Neither in inward worth nor outward fair

Can make you live yourself in eyes of men.

  To give away yourself keeps yourself still,

  And you must live, drawn by your own sweet skill.

 

 

~ConnieAnnKirk




[CAK's books , website.]
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DylanMeeks
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Re: Shakespeare's Sonnets

I'm not sure if I have the meaning of this one quite clearly yet, but I'll just talk it out.

 

The poet's hatred of time grows calling it a tyrant that is stealing away the youthful life of either the relationship or the subject of the poem. But here the poet seems to be asking for and encouraging a better way of waging a war against time. The poet tells his subject that he should not feel obligated to continue to be the first at the party (top of happy hours) or stare at maiden gardens (possibly greener pastures) wishing that those young gardens would grow his seed (possibly back to the idea of finding an appropriate match to bear children) and bloom flowers more real and true than a portrait. (I'm wondering if the subject of the poem is a painter)

 

The last few lines are more clear. Neither the self-worth inside nor the outward appearance will ever make society truly happy and it seems the subject would not want to live the way men believe he should. But giving oneself to this societal view will actually ensure that oneself is replicated and preserved forever in the form of an heir.

 

So, it seems the poet wants the subject to stop looking longingly at maiden gardens or trying to be the life of the party as ways to wage war against time. Instead the poet is asking that his subject give up some of himself in order to actually keep himself in the hearts and minds of the world through an heir. He's telling him to give up a part in order to preserve the whole essence of that person. At least that's what it seems to me.

 

Dylan

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friery
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Re: Shakespeare's Sonnets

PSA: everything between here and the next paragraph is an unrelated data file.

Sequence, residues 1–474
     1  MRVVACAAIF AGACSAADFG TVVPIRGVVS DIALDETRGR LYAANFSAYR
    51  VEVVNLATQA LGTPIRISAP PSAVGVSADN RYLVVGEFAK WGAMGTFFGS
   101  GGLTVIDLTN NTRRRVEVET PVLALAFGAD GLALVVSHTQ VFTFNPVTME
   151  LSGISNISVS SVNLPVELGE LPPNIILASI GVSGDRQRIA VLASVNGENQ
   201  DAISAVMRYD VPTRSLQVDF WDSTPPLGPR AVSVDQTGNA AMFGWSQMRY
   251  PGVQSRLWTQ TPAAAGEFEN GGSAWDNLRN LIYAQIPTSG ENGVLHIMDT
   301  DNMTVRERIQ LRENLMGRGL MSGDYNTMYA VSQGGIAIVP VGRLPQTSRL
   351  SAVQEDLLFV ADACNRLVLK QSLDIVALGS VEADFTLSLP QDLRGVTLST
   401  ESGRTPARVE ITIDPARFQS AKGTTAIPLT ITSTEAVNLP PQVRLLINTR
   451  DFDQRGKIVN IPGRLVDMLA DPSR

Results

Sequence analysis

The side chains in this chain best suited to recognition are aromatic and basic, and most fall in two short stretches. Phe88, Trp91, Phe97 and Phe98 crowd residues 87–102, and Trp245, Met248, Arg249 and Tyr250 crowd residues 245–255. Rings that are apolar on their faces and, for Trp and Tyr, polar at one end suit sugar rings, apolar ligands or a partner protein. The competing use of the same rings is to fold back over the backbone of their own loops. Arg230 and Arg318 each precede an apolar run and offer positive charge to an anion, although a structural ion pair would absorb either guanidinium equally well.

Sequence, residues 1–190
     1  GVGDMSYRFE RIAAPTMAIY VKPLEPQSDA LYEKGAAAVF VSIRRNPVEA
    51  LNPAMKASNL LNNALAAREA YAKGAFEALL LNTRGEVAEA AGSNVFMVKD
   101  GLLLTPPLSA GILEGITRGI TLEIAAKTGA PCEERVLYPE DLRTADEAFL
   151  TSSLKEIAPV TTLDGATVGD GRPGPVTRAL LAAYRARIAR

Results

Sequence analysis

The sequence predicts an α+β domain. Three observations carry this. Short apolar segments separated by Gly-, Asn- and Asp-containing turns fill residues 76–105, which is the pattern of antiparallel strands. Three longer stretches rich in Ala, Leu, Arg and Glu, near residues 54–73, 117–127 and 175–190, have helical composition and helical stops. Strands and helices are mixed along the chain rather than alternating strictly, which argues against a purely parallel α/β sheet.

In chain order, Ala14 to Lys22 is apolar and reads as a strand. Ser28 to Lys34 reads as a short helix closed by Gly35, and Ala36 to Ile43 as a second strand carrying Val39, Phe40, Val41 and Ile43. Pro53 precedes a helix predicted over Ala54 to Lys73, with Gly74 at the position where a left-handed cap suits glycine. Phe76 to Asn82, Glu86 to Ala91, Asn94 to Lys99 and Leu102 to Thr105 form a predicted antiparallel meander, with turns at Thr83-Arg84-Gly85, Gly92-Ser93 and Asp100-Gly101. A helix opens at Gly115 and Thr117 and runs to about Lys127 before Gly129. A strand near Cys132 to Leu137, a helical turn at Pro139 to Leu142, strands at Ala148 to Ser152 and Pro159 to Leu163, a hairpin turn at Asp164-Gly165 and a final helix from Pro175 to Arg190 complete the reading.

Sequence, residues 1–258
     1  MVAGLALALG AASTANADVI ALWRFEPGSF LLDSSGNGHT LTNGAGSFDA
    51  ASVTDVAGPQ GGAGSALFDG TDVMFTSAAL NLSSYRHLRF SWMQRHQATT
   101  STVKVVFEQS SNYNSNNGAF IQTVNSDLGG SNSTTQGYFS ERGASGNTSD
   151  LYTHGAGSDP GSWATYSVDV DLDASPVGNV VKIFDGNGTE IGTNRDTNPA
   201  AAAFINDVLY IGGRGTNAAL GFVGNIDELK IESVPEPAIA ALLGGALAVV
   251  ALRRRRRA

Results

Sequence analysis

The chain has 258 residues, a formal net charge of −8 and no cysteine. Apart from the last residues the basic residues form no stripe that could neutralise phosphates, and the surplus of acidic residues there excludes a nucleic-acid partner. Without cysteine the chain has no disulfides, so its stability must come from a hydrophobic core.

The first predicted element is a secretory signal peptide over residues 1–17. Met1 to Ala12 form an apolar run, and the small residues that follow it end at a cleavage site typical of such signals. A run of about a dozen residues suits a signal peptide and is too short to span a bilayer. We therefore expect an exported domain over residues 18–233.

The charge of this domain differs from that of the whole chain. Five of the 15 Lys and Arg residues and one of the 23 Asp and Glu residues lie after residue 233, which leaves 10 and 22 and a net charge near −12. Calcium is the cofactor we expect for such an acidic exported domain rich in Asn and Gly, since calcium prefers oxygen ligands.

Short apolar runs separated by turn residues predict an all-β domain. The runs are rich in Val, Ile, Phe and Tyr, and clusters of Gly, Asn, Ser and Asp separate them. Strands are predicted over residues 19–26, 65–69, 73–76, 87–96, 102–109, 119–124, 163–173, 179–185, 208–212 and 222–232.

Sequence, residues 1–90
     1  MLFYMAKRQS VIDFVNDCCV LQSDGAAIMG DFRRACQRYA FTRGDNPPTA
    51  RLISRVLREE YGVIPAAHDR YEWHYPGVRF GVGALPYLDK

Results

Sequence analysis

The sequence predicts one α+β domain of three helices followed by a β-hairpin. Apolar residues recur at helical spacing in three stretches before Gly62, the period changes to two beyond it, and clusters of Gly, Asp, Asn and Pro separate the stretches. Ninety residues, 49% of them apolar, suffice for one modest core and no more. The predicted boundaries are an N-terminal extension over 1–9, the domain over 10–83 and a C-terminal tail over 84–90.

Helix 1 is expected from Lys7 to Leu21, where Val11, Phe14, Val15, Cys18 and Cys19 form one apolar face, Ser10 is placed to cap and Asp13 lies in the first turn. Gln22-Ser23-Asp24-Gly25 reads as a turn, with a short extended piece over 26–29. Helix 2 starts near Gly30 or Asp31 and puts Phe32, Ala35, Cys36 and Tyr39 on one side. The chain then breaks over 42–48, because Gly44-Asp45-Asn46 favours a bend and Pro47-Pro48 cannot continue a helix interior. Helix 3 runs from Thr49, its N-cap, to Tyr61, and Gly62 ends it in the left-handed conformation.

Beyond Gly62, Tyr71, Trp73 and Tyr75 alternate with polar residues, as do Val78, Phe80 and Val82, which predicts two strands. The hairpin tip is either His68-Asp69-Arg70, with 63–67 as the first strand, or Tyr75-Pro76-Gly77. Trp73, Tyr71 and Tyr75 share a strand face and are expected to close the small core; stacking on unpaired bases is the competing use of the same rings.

ConnieK wrote:

Sonnet #16:

 

 

But wherefore do not you a mightier way

Make war upon this bloody tyrant Time,

And fortify yourself in your decay

With means more blessed than my barren rhyme?

Not stand you on the top of happy hours,

And many maiden gardens, yet unset,

With virtuous wish would bear your living flowers,

Much liker than your painted counterfeit.

So should the lines of life that life repair

Which this time's pencil or my pupil pen

Neither in inward worth nor outward fair

Can make you live yourself in eyes of men.

  To give away yourself keeps yourself still,

  And you must live, drawn by your own sweet skill.

 

 


 

The opening word "but" tells us that this is a continuation of the sonnet that went before.

 

And this is the first sonnet that really identifies the speaker--he's a poet.  ("My barren rhyme.")  And that supports Shakespeare as the speaker throughout the sonnets.

 

The flower imagery in the second quatrain elaborates on the man-as-plant image of the preceding sonnetAnd we've seen the use of the word "sweet" as it appears in some earlier sonnets as a term of endearment towards the youth.

 

Helen Vendler mentions that the image in the opening two lines of war upon "tyrant time" seems to be basically abandoned in the rest of the sonnetBut, listen carefully--the word "war" reappears in disguise in the last few lines of the poemWe see "inward," "outward," and even the word "drawn" in the final line.  Very clever.

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lovepink1980
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Registered: ‎07-27-2009
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Re: Shakespeare's Sonnets

I read it as a response to vanity. To once have desire in nature and other beauty, now be fully engulfed in one's self.
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battlemaiden
Posts: 2
Registered: ‎08-01-2009
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Re: Shakespeare's Sonnets

Shakespeare did write Macbeth specifically for James I, because James was the descendent of the real life Banquo.  The real Banquo was an ally of Macbeth and not his moral counterpoint as portrayed in the play.Just another example of how Shakespeare used elements of his plays to flatter Elizabeth and James who were his sponsors.

 

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ConnieAnnKirk
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Re: Shakespeare's Sonnets

Sonnet #17:

 

 

Who will believe my verse in time to come

If it were filled with your most high deserts?

Though yet, heaven knows, it is but as a tomb

Which hides our life and shows not half your parts.

If I could write of the beauty of your eyes

And in fresh numbers number all your graces,

The age to come sould say "This poet lies;

Such heavenly touches ne'er touched earthly faces."

So should my papers yellowed with their age,

Be scorned, like old men of less truth than tongue,

And your true rights be termed a poet's rage

And stretched meter of an antique song.

  But were some child of yours alive that time,

  You should live twice--in it and in my rhyme.

 

 

~ConnieAnnKirk